Meyer F. Zywica, 85, Orthodox rabbi

March 13, 2006

Rabbi Meyer F. Zywica, who as a rabbinical student escaped wartime Poland, completed his studies in Shanghai, China, and subsequently was a spiritual leader in Connecticut for more than three decades, died of pneumonia March 6 at Levindale Hebrew Geriatric Center and Hospital. The Baltimore resident was 85.

Rabbi Zywica was born in 1919 in a small town near Bialystok, Poland. He began attending the noted Kletzk Yeshiva, but left the country in 1941 in the middle of his studies. After securing a visa from a Japanese diplomat, Rabbi Zywica took a train and then a boat to Japan. When the Japanese wouldn't let him enter the country, he went on to China.

Living in a small Jewish community in Shanghai, he completed his rabbinical studies at Mir Yeshiva. At the end of the war, Rabbi Zywica learned that his entire family had been killed by the Nazis.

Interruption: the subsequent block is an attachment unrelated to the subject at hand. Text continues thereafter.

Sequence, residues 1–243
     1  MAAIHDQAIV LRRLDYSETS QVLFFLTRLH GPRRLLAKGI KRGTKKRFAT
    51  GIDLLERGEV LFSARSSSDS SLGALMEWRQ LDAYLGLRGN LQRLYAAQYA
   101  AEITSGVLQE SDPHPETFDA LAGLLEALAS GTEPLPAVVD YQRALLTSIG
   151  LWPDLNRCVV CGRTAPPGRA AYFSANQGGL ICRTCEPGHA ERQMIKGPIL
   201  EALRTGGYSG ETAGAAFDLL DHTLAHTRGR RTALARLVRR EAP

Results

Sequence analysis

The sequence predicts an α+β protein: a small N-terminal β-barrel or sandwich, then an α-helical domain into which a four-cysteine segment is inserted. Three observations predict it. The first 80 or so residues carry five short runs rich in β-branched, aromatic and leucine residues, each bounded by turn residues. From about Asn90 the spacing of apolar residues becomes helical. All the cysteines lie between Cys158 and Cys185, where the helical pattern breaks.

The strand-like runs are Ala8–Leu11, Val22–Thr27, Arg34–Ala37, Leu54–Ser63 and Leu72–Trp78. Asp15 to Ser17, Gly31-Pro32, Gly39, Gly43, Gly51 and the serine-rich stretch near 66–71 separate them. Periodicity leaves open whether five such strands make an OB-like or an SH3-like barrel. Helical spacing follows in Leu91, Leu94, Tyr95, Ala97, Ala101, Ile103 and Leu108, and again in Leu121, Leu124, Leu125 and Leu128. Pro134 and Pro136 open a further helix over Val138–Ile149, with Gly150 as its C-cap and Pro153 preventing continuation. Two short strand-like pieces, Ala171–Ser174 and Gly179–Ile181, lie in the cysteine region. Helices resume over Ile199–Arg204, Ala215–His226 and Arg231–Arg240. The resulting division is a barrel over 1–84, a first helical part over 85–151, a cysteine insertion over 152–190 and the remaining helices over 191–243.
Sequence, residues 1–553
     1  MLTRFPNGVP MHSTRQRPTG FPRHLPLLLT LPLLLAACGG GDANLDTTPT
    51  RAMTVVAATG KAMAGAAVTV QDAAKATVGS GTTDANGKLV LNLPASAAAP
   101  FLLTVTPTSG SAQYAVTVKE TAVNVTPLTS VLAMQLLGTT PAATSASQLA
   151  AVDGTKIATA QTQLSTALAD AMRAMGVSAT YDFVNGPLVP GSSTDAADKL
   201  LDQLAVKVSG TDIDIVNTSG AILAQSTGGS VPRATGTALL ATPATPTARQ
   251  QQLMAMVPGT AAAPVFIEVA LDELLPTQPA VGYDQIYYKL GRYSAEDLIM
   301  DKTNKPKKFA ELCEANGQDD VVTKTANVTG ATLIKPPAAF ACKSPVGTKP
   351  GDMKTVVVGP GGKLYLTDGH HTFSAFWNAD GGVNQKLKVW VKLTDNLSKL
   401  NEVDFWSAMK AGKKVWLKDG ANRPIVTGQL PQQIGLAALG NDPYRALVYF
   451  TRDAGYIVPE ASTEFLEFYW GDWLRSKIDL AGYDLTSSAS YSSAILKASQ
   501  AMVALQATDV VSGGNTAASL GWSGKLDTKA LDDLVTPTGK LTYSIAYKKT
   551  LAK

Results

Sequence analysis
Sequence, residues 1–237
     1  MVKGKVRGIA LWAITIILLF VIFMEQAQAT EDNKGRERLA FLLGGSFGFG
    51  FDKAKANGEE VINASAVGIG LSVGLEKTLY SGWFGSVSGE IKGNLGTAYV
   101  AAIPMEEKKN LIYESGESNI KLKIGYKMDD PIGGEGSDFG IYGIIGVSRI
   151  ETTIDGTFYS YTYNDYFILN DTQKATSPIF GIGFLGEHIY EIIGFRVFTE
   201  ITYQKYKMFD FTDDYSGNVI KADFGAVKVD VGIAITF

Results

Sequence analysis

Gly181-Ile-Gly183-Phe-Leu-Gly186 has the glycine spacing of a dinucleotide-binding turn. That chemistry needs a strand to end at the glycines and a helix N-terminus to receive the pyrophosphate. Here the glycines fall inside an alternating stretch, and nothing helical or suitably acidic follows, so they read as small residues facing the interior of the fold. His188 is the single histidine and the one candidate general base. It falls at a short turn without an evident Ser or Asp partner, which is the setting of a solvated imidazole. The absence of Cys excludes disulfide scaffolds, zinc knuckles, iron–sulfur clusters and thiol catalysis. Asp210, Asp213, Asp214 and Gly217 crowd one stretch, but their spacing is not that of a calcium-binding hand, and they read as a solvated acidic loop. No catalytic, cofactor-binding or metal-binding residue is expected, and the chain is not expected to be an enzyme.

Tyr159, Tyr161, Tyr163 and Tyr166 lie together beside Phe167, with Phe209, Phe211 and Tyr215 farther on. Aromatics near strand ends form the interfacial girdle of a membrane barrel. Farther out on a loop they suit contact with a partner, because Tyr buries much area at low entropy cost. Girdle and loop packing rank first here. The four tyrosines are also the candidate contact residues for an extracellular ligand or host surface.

In 1947, he moved to the United States to start life anew. He became a rabbi of a congregation in Colchester, Conn., and then at a Hartford, Conn., synagogue for 34 years. Rabbi Zywica was a Talmudic scholar and dedicated teacher.

"He wanted everybody to embrace the religion and love it as much as he did," said his wife, the former Frances Friedlander. They first met when he visited her father, a Baltimore rabbi, and they married in 1950.

"He was always helping people," she said. "People could call him at 2 a.m., and he would run and go and do and help."

Rabbi Zywica retired in 1984 and moved to Baltimore, where he became an active member of Agudath Israel Congregation.

Services were Tuesday.

In addition to his wife, he is survived by a daughter, Gloria Krieger, and a son, Rabbi Moshe Zywica, both of New York; 12 grandchildren; and 10 great-grandchildren. He was predeceased by a son, Elie Zywica.

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